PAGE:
5G Takes Off At World’s Airports And In The Skies
High capacity, high speed 5G connections are launching around the world, enabling a host of new services at the world’s airports, and even on aircraft.
There are countless applications for 5G networks which range from improving passenger experience to better air traffic management and more efficient airport operations. Some of the most compelling include automation and IoT (internet of things) applications. While 5G networks are still only beginning to be trialed around the world, it is expected that they will be a common part of our daily connected lives as soon 2024.
According to a mobility report published the World Economic Forum by telecom company Ericsson this January, 5G networks are set to reach 1.5 billion subscribers by 2024, covering over 40 percent of the world’s population and enabling more than 22 billion internet of things connections.
SITA’s Gilles Bloch-Morhange, ATS Products & Solutions, Head of SITA Platform, put forth his own prediction for 5G applications in aviation in a company post last year writing:
“Areas I see where this will make a big difference include baggage handling, catering, turnaround optimization, passenger flow and resource management. For example, being able to monitor and optimize every single vehicle’s usage around the airport will deliver considerable savings in fuel costs and overall resources, including labor. 5G will also accelerate the growth of smart airports, with next generation facility and building management. Areas I see where this will make a big difference include baggage handling, catering, turnaround optimization, passenger flow and resource management. For example, being able to monitor and optimize every single vehicle’s usage around the airport will deliver considerable savings in fuel costs and overall resources, including labor. 5G will also accelerate the growth of smart airports, with next generation facility and building management.”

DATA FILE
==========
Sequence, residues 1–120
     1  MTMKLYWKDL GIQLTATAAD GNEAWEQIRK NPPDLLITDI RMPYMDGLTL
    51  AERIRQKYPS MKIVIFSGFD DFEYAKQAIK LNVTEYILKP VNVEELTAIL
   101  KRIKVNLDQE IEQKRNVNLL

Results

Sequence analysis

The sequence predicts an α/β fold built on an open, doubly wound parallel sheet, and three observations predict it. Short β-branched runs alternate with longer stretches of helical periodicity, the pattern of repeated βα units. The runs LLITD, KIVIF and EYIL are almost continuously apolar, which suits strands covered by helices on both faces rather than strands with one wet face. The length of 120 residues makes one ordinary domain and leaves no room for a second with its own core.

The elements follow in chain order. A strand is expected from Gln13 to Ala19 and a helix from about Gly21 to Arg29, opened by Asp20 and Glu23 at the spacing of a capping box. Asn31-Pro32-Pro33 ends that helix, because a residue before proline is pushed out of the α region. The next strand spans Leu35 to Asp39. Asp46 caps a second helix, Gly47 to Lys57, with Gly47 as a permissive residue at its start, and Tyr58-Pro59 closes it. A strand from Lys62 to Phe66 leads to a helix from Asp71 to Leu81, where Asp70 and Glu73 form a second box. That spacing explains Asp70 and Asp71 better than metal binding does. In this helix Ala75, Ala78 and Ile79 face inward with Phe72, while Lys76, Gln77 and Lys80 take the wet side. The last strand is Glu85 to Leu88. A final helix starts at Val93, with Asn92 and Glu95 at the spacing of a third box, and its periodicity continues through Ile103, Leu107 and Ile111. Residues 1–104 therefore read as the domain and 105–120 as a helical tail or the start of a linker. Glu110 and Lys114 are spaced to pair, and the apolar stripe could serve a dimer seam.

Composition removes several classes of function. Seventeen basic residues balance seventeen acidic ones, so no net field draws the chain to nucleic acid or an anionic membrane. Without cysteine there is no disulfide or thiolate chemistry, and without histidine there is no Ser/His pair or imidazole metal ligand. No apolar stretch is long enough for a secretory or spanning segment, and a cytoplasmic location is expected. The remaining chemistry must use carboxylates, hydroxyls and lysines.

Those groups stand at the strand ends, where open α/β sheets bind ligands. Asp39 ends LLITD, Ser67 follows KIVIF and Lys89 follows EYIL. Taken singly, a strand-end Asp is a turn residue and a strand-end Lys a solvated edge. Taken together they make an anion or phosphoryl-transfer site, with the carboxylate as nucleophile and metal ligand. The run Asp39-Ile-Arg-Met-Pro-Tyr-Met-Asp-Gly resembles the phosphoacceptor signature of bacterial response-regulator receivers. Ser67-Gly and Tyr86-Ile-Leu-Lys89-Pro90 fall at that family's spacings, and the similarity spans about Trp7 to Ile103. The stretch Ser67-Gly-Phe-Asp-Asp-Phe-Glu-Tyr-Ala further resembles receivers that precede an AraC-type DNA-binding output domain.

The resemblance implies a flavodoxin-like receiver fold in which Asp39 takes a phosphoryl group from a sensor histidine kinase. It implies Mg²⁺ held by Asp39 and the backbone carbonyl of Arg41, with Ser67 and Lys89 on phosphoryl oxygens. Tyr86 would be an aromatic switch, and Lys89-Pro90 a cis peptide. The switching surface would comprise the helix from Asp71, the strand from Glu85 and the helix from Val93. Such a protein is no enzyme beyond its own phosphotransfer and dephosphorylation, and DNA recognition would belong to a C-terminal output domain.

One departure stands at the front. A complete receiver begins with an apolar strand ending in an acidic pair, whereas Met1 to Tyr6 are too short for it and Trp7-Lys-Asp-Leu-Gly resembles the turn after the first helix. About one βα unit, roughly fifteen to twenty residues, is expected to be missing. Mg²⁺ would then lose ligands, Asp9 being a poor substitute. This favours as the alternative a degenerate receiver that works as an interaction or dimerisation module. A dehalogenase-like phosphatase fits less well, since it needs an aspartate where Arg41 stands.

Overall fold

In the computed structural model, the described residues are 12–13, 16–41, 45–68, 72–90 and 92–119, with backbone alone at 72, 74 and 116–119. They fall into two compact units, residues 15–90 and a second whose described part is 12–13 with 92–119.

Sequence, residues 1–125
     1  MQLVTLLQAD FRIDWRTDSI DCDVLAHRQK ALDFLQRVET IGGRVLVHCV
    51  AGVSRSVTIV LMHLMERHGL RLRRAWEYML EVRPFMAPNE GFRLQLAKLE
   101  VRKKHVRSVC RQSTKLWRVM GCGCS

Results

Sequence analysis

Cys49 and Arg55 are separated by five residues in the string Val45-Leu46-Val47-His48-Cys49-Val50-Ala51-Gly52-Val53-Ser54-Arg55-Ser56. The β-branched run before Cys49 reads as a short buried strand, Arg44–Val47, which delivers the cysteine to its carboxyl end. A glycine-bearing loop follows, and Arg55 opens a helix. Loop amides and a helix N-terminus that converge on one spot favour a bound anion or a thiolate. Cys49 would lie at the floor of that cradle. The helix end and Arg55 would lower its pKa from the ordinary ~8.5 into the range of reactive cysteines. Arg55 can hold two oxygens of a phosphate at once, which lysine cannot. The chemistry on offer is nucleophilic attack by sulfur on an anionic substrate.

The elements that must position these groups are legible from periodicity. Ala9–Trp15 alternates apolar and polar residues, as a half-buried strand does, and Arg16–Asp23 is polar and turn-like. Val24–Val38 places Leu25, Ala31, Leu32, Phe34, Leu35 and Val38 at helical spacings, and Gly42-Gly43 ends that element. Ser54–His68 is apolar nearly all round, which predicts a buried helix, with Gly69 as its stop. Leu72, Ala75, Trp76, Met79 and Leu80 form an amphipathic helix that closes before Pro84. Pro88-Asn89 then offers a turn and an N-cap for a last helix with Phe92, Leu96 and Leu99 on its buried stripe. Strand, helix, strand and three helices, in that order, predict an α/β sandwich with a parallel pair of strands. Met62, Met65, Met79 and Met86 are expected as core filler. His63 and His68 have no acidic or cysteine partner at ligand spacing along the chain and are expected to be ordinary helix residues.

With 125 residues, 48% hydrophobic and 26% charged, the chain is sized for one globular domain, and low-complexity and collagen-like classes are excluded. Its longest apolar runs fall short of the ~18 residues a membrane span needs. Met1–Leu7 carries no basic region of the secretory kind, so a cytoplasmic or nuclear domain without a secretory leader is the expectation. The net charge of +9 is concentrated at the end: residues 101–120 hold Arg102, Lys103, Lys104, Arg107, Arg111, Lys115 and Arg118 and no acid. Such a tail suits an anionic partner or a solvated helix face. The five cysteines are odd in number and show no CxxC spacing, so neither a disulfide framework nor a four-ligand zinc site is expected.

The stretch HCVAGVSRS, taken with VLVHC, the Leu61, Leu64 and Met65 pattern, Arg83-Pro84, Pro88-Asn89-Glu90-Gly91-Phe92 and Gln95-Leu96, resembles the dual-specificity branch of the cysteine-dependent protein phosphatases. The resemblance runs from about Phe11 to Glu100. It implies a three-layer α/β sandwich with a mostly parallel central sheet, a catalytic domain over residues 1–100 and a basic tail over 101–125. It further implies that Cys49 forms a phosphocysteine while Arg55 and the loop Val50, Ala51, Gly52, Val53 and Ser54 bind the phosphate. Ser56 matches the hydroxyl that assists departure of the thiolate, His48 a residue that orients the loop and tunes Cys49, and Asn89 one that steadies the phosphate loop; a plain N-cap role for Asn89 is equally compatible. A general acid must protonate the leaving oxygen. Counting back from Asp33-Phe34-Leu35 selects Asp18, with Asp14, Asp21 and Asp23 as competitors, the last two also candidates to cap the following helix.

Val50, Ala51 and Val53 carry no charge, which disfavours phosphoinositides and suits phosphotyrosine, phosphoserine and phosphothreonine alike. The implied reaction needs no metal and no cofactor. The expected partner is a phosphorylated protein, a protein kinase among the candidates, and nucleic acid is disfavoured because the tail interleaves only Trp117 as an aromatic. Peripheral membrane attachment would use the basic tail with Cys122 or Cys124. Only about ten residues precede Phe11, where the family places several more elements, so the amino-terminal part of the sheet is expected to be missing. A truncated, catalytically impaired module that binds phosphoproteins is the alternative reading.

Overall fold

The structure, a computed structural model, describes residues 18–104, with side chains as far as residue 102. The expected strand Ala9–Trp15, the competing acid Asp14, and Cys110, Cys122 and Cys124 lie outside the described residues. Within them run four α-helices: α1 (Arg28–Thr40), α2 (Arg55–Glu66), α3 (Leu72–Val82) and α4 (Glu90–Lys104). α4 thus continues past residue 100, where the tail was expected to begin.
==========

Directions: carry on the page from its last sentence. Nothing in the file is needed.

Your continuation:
In a working paper published last year, ICAO reported that Civil Aviation Authorities around the world are researching the benefits of higher capacity 5G for air traffic control applications, global aircraft tracking and in the tracking of Unmanned Aircraft Vehicles (UAVs) also known as drones. Drones present a particular challenge to air traffic management infrastructure and airport security as the numbers of them used in consumer and enterprise applications grow.
China is advancing many of these aims with 5G initiatives as part of aviation infrastructure growth.
A new 5G-enabled aviation base in Shenyang has been employed for drone applications for image and data gathering, postal delivery and surveillance. The 5G network will also support advanced air traffic control of drone systems.
Guangzhou Baiyun Airport became China’s first 5G-covered commercial airport this January with a 5G base station built by China Unicom’s Guangzhou branch using Huawei’s Lampsite radio coverage solution. It was tested with speeds as high as 1.14 Gigabites per second, which around 50 times the speed of a 4G network.